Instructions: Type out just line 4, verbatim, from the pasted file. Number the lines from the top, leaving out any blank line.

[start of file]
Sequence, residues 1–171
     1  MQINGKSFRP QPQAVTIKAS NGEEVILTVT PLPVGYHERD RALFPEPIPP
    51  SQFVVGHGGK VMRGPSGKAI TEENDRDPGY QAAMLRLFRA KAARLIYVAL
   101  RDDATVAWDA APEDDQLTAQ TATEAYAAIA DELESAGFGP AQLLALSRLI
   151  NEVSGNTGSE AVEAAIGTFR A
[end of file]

   101  RDDATVAWDA APEDDQLTAQ TATEAYAAIA DELESAGFGP AQLLALSRLI